Nelson, Garcia agree to probation, service

BOSTON -- Two former New York Yankees players who allegedly
assaulted a Fenway Park groundskeeper during the 2003 American
League Championship series agreed Tuesday to a deal that calls for
the charges against them to be dropped in six months.

Pitcher Jeff Nelson and outfielder Karim Garcia agreed to
pretrial probation at a hearing in Roxbury District Court. The
players will perform 50 hours of community service and be evaluated
to determine whether they need to attend an anger management

The case was scheduled to go to trial Tuesday, but the players
reached a last-minute deal with prosecutors to avoid a trial.

"While sufficient evidence exists to prove the case beyond a
reasonable doubt, the conduct of Nelson and Garcia does not merit
criminal convictions," the district attorney's office said in a

Nelson, 37, now plays for the Texas Rangers. Garcia, 28, was
released this August by the Baltimore Orioles.

After the hearing, Nelson blamed the media for the way the trial
was covered.

"We told our story in the beginning and you guys were the ones
that twisted it around, so what can I say?" he said.

"[Boston has] always been one of my favorite cities, but it's a
shame that this tarnished it a little bit."

Asked whether he felt he was treated unfairly by authorities because
he played for the Red Sox's archrivals, Nelson said, "I know you
can answer that one."

Garcia declined comment.

Assistant Attorney General David Fredette said the case was
handled the same way his office would handle any high-profile case
involving two defendants with no prior record.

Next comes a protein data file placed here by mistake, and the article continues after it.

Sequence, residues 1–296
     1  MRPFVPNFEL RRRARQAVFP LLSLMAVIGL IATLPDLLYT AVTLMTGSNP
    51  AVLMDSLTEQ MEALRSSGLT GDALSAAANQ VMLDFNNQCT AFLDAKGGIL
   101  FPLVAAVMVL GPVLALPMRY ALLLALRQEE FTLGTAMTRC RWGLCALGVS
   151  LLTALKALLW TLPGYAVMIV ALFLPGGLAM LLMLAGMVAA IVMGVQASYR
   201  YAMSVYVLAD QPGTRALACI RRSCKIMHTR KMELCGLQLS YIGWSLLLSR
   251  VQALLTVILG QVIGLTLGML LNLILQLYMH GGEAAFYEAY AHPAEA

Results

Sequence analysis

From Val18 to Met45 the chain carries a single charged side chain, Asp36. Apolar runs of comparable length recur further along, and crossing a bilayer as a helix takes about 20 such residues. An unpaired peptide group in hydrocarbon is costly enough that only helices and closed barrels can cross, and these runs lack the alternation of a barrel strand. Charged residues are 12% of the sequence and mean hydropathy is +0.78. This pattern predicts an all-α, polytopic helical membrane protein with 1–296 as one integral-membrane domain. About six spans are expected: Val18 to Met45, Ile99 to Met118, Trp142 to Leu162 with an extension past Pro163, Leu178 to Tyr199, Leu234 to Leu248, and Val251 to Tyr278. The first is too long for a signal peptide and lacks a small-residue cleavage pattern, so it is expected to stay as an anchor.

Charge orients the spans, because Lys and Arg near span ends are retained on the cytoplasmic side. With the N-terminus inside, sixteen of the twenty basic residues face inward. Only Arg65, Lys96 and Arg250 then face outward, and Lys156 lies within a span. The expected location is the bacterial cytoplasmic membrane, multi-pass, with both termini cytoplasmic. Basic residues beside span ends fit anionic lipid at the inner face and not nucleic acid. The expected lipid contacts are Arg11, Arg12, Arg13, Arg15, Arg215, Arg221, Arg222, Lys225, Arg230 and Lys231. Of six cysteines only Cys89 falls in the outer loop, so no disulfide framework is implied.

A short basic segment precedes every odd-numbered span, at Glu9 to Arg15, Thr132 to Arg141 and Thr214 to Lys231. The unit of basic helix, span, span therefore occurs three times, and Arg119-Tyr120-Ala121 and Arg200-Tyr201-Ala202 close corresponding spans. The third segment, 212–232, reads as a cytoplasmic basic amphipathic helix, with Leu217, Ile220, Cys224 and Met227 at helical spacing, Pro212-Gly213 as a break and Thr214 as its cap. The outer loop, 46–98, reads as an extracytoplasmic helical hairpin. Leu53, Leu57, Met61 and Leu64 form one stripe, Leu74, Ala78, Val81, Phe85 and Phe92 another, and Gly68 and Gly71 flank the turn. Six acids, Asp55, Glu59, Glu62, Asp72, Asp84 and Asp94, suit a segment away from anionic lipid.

"We didn't treat them any differently -- better or worse," he

Nelson and Garcia would have faced up to 2½ years in prison if

Charges were dropped last week against Paul Williams, 25, of
Derry, N.H., a part-time groundskeeper who got into the brawl with
the two players. Suffolk District Attorney Daniel Conley said a
review found there wasn't enough evidence to back up a
cross-complaint brought by Nelson against Williams, who teaches
special education at a middle school in New Hampshire.

The fight broke out after Williams cheered for the Red Sox while
in the bullpen during the third game of the ALCS on Oct. 11, 2003.
Earlier in the game, a bench-clearing melee broke out after Garcia
was plunked by Boston pitcher Pedro Martinez.

In February, Williams sued the players for more than $33,000 for
medical bills, lost wages and loss of his sense of smell. He said
the fight left him with a deviated septum, broken teeth, a neck
injury and cleat marks on his body.

Williams' attorney, Pat Jones, said the deal prosecutors struck
with Nelson and Garcia wouldn't affect his client's civil case.

Fredette told the judge that a
videotape of the fight revealed that Williams' most serious
injuries were inflicted by other players who jumped into the
fracas, not by Nelson and Garcia.

"It'd be nice of you guys to write that," Nelson told a
reporter as he walked out of the courtroom.